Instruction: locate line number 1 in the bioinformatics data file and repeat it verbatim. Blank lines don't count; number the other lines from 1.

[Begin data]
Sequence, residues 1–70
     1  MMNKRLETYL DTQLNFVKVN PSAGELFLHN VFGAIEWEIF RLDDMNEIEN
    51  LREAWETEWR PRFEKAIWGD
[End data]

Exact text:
Sequence, residues 1–70